Do I have a claim against Spectrum et al?

UPDATED: Oct 1, 2022

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Do I have a claim against Spectrum et al?

I ordered business internet from Spectrum in December 2018. 4 months later I saw on my account 2 pieces of equipment never issued to me. Spectrum stated I should have the items and would be held liable. Spectrum send two supervisors and a technician out and, after investigating, they concluded that the missing equipment was given to an unknown party by their contract installer. Spectrum supervisor stated they found evidence of this that the installer left behind items identifying the missing router in the building communications room. Since the equipment was active and operating on my account, the installer must have also given my password away. This would explain why each time I changed my password, it would revert the next day. Can Spectrum et al be held liable for breaching my internet account security? What should I do next? They have now said they disconnected the equipment and won’t charge me but it still shows up on my account as ‘status unknown’ and I am afraid that all my information whenever I was on line was copied, stolen, and my credit my be compromised in the future.

Asked on May 18, 2019 under Business Law, Texas


SJZ, Member, New York Bar / FreeAdvice Contributing Attorney

Answered 3 years ago | Contributor

The company is not liable for:
1) The actions of independent contractors (e.g. "contract installers") who are not actual employees, since those independent contractors are legally their own businesses.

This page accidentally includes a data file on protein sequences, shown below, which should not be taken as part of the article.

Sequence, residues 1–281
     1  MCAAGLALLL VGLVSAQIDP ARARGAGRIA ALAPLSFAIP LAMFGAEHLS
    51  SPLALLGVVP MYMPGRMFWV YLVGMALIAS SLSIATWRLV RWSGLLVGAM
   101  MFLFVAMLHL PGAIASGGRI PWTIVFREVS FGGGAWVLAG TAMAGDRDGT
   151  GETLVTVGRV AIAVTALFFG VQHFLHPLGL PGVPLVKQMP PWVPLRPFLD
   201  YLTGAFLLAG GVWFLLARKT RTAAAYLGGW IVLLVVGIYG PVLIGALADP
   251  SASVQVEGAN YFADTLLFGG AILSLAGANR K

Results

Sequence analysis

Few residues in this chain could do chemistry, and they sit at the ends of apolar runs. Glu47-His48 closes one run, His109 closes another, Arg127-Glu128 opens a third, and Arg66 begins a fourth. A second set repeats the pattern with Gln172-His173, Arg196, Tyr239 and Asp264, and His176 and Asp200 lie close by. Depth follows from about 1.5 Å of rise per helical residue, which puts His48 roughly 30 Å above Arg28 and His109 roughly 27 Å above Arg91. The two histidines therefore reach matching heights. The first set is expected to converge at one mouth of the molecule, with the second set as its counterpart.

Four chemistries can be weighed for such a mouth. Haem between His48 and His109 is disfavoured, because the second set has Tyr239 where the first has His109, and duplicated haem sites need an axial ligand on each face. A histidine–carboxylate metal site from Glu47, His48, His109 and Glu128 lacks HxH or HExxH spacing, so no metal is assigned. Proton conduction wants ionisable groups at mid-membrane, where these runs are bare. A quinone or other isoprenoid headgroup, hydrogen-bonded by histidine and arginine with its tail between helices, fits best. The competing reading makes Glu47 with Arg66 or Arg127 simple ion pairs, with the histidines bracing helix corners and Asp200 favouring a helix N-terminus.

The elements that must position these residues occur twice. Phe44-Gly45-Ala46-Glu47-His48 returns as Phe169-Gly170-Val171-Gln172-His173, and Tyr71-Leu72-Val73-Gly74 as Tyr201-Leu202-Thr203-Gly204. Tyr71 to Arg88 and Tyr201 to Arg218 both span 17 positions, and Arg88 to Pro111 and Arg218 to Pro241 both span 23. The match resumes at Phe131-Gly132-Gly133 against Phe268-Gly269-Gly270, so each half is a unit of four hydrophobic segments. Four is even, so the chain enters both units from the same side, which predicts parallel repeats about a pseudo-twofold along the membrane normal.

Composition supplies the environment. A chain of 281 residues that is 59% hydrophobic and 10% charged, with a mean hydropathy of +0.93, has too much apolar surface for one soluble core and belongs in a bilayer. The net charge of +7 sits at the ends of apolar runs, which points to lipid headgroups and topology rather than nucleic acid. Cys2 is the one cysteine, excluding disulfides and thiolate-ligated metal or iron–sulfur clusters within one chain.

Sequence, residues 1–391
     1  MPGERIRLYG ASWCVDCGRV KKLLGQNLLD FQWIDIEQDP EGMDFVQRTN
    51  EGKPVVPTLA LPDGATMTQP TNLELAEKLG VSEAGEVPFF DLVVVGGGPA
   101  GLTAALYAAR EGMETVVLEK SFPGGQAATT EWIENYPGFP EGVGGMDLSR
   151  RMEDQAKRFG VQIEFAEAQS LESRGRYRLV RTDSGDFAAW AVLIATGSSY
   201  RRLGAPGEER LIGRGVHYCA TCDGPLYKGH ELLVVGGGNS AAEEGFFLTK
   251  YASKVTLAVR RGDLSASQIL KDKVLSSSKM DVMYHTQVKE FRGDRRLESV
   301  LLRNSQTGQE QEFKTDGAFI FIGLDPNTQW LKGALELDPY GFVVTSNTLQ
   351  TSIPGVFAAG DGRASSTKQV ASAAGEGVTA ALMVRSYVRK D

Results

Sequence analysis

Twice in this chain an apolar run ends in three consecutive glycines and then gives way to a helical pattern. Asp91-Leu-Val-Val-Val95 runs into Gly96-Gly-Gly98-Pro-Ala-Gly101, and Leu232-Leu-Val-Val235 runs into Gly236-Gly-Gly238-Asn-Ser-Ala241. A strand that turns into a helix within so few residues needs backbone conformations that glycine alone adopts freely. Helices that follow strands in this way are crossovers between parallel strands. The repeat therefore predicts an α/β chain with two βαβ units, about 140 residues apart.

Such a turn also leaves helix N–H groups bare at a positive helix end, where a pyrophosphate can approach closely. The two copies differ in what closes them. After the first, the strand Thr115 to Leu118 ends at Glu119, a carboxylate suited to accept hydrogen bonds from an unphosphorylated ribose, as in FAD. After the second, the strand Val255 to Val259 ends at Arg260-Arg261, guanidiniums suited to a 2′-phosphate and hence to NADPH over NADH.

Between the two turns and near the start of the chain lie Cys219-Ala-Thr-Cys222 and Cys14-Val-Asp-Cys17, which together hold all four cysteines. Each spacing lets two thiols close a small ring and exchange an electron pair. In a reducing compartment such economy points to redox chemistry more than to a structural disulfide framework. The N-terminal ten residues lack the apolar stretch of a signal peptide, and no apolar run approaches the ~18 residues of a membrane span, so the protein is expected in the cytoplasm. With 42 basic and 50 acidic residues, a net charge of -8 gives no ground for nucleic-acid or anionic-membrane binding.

2) Criminal activities by anyone they hire to do a job, whether an employee or independent contractor, since committing crimes is not part of their job duties or why they were hired--the criminal act is outside the bounds or responsibilities of employment. 
You could try suing the actual contract installer who did this, but not the ISP.

IMPORTANT NOTICE: The Answer(s) provided above are for general information only. The attorney providing the answer was not serving as the attorney for the person submitting the question or in any attorney-client relationship with such person. Laws may vary from state to state, and sometimes change. Tiny variations in the facts, or a fact not set forth in a question, often can change a legal outcome or an attorney's conclusion. Although has verified the attorney was admitted to practice law in at least one jurisdiction, he or she may not be authorized to practice law in the jurisdiction referred to in the question, nor is he or she necessarily experienced in the area of the law involved. Unlike the information in the Answer(s) above, upon which you should NOT rely, for personal advice you can rely upon we suggest you retain an attorney to represent you.

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